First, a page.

Thursday, 21 May 2009

Thursday 21/05/09

Scientists hail stunning fossil. The beautifully preserved remains of a 47-million-year-old, lemur-like creature have been unveiled. The fossil, nicknamed Ida, is claimed to be the "missing link" between monkeys and ex House of Commons Speaker, Michael Martin. Given the kink to Martin, there are doubts as to its authenticity, as it’s thought there’s a high possibility of a discrepancy between what it’s ‘claiming’ and the truth.

A 21 year-old American rapper by the name of Dolla has been shot dead outside a Los Angeles shopping mall. It would seem that death is an occupational hazard for rappers. The way some court it, it’s almost as if death is the pinnacle of achievement for them and you’re a has-been if you live beyond the age of 30. All of the following rap artists are dead:

  • Tupac
  • Biggie
  • Eazy-E
  • Mac Dre
  • Soulja Slim
  • DJ Screw
  • Big L
  • Big Pun
  • Yaki Kadafi (Of the Outlawz)
  • Proof (Of D12)
  • Ol' Dirty Bastard (ODB)
  • Jam Master J
  • Pimp C
  • Big Moe

There’s a lot of ‘Bigs’ in there, so one assumes these chaps were on the planetary scale of obesity and died from simply exploding – innit?

Scientists say they have located the brain areas that may determine how sociable a person is. Warm, sentimental people tend to have more brain tissue in the outer strip of the brain just above the eyes and in a structure deep in the brain's centre. Lead researcher Dr Graham Murray, who lacks this feature said: "Piss off.”

Expenses scandal hit MPs keep trotting out these excuses of administrative errors on claiming interest on non-existent mortgages. How on earth can it be an admin error to claim for something you don’t actually have, the payments for which are not inconsequential and usually comprise the average person’s largest single financial outgoing? For people who we, the electorate, put in charge of running the country, MPs seem prone to a scale of administrative errors that dwarf those of the average person by many hundred percent. Admin errors on this scale within one’s tax return are illegal and land you in jail and I wonder whether the same percentage of administrative errors occur in MPs’ tax returns. I somehow suspect not.

Back to Twatter: Stephen Fry, probably the most famous and followed Twitterer in the UK, keeps going on about his ‘tummy’. Here’s a link he provided last night about the power of Twitter. There was a rumour going around earlier this week that Patrick Swayze had died – yet again. The rumour was started on Twitter.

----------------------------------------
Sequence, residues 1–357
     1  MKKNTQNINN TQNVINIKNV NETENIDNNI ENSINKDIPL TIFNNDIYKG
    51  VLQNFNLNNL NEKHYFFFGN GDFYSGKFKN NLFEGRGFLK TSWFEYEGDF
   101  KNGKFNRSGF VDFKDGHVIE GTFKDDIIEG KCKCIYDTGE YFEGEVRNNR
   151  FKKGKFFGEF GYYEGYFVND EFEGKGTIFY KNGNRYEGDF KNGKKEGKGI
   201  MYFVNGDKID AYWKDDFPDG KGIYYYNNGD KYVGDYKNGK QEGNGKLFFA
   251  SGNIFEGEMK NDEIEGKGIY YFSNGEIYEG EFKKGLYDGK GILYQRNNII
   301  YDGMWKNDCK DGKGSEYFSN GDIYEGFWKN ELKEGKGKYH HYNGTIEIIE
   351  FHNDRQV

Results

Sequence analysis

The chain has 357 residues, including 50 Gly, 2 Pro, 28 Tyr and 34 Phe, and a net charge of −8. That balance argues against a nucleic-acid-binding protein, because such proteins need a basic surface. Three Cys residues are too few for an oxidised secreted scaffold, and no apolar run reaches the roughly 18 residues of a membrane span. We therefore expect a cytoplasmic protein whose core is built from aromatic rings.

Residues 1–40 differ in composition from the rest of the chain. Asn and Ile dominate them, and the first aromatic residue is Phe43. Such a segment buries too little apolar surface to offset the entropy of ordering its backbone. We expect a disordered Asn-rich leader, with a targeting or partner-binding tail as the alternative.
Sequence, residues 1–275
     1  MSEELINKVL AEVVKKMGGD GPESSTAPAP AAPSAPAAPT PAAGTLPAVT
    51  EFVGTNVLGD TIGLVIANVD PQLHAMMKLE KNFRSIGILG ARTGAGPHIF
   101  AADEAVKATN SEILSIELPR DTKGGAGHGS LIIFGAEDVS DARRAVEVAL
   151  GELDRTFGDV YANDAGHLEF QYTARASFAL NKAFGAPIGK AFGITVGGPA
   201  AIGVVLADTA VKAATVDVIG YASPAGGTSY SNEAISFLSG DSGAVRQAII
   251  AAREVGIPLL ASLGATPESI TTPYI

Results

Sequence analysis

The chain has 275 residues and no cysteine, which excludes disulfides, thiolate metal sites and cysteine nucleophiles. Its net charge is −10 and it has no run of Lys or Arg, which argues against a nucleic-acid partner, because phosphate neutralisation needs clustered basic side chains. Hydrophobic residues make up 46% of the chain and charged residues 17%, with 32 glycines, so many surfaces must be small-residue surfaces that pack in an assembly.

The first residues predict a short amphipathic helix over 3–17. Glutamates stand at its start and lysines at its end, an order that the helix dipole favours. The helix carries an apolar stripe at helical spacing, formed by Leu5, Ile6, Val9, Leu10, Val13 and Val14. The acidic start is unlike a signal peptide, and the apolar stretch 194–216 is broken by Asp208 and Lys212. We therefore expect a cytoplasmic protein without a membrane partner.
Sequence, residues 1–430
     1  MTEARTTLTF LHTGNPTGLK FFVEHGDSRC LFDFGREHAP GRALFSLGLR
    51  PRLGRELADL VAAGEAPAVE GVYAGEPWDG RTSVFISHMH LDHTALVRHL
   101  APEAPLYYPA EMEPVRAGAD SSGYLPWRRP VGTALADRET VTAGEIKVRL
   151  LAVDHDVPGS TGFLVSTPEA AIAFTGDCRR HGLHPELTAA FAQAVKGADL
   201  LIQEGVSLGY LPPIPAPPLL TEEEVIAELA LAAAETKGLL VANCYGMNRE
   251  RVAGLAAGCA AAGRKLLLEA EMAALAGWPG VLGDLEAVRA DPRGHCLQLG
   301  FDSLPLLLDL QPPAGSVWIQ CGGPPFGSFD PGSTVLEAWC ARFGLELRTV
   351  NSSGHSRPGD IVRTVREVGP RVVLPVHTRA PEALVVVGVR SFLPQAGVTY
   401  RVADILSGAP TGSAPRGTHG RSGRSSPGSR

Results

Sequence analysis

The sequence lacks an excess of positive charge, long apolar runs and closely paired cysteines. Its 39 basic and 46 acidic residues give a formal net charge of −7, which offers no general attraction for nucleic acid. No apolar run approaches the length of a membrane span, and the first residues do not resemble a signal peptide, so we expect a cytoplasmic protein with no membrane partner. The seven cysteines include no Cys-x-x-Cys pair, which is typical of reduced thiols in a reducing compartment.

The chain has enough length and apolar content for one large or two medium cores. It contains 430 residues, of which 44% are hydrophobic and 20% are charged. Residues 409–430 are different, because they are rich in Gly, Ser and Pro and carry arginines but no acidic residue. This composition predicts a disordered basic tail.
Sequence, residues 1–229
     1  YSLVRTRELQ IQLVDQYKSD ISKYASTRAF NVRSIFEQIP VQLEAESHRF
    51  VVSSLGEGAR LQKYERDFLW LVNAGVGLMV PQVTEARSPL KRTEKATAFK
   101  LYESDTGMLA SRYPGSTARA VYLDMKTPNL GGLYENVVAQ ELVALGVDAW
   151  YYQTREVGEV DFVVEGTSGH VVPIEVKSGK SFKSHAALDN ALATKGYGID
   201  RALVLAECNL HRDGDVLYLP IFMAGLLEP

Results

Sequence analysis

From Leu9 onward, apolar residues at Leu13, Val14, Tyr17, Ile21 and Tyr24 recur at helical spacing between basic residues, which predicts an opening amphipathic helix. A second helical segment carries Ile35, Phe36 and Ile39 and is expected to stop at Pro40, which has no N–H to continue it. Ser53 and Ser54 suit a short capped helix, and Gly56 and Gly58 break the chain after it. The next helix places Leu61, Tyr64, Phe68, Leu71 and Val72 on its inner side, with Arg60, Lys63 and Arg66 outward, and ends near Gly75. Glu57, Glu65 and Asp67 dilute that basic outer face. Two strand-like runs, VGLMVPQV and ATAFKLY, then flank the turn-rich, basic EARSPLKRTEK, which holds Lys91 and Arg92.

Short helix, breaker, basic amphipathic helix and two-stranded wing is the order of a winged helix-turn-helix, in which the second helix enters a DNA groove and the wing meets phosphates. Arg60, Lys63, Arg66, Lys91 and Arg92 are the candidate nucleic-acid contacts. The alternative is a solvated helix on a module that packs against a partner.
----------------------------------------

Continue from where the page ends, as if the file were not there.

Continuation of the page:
I went for my usual lunchtime peregrination yesterday (for once it wasn’t hammering down with rain) and started to ponder the imponderables of living life in the fast lane. Unlike swimming, where you have to stay focused and concentrate on your breathing and target point, walking allows the mind to wander and you can stop breathing for hours, wandering in front of traffic with the abandon of an MP on an expenses binge. Here are some of yesterday’s thoughts while exercising.

Why is it that old people always look the same? Old people in the 60s looked exactly like old people do today – same shapeless clothes; same cardigans; same flat caps on the men; same clumpy shoes on the women. It’s as if once people reach old-hood they enter a time-warp and regress to fashions that were unfashionable even when they were young. You could hoik many an old age pensioner straight out of the 60s and he or she would not look out of place today.

Saw a few people engaging in that rare sport – house viewing. Along with car buying, house viewing is something that hasn’t been done for six months or more. Suddenly they’re all out, traipsing into houses led by another rarity – the greater rapacious estate agent. None of them looked as if they had the slightest intention of buying; more like the nosey buggers you initially get when putting your house on the market.